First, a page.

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What Are Ermines & Mink?

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Both ermines (Mustela erminea) and mink (Mustela lutreola and Neovison vison) belong to the subfamily Mustelinae, which contains weasels, badgers, ferrets, polecats and wolverines. These two creatures share many features, but differ in several ways. Both are skilled hunters that feed on a variety of smaller creatures, including rodents and crustaceans.


Ermines live in the northern half of the world, in Eurasia and North America. Their North American range includes most of Canada and most of the northern half of the United States except for the Great Plains. The European mink inhabits northeast Spain and throughout Europe. The American mink, on the other hand, inhabits almost all of the U.S.; its range also extends throughout most of Canada.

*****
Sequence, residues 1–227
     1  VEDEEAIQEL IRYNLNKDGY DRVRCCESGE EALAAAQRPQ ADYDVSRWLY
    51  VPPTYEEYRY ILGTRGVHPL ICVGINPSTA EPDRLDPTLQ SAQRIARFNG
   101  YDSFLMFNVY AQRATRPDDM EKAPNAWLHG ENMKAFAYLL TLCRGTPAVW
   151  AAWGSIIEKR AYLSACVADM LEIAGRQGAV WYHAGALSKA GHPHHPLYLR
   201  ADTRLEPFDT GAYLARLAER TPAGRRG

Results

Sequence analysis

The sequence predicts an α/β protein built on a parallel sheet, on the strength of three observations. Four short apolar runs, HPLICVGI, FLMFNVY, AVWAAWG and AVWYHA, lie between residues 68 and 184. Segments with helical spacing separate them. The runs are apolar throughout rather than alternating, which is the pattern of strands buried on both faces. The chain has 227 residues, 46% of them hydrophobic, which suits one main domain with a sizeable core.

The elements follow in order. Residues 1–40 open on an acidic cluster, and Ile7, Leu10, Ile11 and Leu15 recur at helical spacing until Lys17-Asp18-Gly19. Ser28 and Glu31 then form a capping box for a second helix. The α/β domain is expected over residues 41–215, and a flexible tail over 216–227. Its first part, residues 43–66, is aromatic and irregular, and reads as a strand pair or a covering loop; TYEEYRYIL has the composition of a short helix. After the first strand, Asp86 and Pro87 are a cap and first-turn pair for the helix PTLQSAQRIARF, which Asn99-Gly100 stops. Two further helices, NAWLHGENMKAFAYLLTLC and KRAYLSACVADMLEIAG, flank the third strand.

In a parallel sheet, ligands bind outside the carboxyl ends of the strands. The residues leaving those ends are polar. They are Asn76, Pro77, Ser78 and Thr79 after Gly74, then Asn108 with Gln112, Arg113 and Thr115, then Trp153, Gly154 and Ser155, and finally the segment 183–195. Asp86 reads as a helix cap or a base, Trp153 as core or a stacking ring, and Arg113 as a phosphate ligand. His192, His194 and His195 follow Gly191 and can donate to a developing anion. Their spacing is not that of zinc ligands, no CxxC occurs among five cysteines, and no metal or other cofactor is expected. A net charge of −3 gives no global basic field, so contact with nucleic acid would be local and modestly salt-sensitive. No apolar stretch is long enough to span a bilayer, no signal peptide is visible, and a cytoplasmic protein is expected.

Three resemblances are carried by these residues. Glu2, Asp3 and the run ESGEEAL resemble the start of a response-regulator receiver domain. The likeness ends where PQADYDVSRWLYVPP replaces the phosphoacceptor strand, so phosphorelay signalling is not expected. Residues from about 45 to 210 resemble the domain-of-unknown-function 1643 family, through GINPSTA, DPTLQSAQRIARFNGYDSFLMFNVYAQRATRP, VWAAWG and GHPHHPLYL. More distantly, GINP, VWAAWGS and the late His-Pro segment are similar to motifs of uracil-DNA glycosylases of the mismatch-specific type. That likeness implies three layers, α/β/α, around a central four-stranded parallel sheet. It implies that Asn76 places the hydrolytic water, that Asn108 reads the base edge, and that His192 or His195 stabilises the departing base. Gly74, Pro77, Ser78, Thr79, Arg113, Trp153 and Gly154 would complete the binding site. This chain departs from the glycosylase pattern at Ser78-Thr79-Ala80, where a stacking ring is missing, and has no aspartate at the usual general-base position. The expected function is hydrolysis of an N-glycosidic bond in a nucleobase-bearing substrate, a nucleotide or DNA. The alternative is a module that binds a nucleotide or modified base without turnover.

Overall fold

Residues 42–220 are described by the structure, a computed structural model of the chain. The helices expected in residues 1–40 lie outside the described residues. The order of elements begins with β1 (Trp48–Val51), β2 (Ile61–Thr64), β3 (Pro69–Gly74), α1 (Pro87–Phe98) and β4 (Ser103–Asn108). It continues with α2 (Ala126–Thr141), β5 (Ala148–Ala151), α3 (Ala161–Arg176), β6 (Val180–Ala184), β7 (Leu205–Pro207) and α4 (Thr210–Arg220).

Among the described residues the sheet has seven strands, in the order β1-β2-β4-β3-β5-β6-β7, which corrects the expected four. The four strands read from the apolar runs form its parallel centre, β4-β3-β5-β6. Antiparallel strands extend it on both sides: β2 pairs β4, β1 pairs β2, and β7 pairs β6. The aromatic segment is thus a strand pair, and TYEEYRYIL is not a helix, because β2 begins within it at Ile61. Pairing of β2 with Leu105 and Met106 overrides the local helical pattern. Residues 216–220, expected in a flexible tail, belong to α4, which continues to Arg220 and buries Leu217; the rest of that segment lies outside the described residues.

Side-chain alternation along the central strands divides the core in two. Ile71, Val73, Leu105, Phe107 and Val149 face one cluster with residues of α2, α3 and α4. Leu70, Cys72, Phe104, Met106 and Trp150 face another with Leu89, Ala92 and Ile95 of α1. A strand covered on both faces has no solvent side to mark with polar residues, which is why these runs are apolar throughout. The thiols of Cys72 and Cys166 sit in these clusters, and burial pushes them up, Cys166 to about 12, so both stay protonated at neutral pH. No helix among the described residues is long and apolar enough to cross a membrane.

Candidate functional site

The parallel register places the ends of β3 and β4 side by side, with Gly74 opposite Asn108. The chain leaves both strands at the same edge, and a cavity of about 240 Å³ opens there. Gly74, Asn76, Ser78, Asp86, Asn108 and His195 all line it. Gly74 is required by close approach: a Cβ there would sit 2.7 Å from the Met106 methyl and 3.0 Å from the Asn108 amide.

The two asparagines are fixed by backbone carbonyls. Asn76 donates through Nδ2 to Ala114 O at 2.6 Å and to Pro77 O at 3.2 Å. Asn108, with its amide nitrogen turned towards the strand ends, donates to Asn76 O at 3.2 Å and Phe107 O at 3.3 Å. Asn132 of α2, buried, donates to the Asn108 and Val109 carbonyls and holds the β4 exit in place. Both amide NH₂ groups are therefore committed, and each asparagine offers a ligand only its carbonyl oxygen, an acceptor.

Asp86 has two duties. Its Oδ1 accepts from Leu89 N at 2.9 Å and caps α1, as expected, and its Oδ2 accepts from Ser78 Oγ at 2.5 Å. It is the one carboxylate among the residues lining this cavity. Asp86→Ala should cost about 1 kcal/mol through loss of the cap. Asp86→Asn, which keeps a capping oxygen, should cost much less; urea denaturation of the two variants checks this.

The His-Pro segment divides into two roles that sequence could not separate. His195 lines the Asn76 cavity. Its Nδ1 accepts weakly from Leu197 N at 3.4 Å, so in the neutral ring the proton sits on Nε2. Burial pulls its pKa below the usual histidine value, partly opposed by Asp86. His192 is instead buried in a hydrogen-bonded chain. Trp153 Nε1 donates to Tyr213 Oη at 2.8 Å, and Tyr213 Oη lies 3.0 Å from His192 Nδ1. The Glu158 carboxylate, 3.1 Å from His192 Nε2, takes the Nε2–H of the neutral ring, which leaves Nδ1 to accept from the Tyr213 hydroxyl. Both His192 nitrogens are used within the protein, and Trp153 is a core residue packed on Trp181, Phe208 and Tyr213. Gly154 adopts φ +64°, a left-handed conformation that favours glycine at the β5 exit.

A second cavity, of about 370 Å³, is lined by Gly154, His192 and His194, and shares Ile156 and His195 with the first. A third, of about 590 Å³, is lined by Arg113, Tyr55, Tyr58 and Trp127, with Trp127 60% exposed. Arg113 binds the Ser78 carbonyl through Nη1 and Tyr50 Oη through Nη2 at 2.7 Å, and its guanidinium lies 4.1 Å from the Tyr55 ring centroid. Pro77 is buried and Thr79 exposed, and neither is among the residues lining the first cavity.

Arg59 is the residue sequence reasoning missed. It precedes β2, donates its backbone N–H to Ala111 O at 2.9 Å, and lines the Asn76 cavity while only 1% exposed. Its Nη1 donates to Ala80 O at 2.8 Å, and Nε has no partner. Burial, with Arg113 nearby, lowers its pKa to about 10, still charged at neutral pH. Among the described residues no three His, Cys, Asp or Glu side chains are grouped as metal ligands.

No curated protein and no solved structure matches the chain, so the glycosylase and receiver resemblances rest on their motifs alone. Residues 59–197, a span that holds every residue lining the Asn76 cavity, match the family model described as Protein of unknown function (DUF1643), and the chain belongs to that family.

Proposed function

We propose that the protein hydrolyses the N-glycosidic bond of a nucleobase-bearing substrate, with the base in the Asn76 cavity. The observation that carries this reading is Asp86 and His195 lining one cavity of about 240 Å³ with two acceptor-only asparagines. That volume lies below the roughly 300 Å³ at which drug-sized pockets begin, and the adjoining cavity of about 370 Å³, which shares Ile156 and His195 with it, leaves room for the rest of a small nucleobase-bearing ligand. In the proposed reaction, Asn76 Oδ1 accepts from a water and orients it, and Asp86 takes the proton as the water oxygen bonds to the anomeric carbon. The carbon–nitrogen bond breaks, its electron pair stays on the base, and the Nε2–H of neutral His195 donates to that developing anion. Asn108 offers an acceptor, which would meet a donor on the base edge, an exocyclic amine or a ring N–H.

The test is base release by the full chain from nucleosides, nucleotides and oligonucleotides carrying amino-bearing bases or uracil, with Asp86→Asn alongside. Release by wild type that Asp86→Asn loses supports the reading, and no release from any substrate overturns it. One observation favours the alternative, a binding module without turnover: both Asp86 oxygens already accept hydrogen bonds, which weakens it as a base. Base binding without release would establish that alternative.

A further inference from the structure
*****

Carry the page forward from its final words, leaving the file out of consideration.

Both European and American mink thrive in forested areas along the banks of streams, rivers and creeks. Mink are particularly capable in water and rely on water-dwelling creatures for much of their diet. Ermines, on the other hand, inhabit more open areas such as marshes and meadows adjacent to forests or along shrub lines.


As indicated by their genera and subfamily, both ermines and mink display the characteristics of most weasels: long bodies, short legs, round ears, long tails and long whiskers. Both types of animal are sexually dimorphic, with the males being noticeably larger than the females. Ermines typically reach about 8 to 9.5 inches long and weigh between .8 and 4.5 ounces. Mink typically grow to between 19 and 28 inches and weigh up to 3.5 pounds.

Color and Other Features

The ermine has two distinctive coats: a pure white coat in the winter and a brown coat with white chest and belly during the summer. The two coats also vary in thickness to help protect the small ermine's body during temperature extremes. It has a black cap on the end of its tail in both winter and summer. The mink, on the other hand, has an oily brown coat throughout the year, often with a small patch of white on the throat or chest.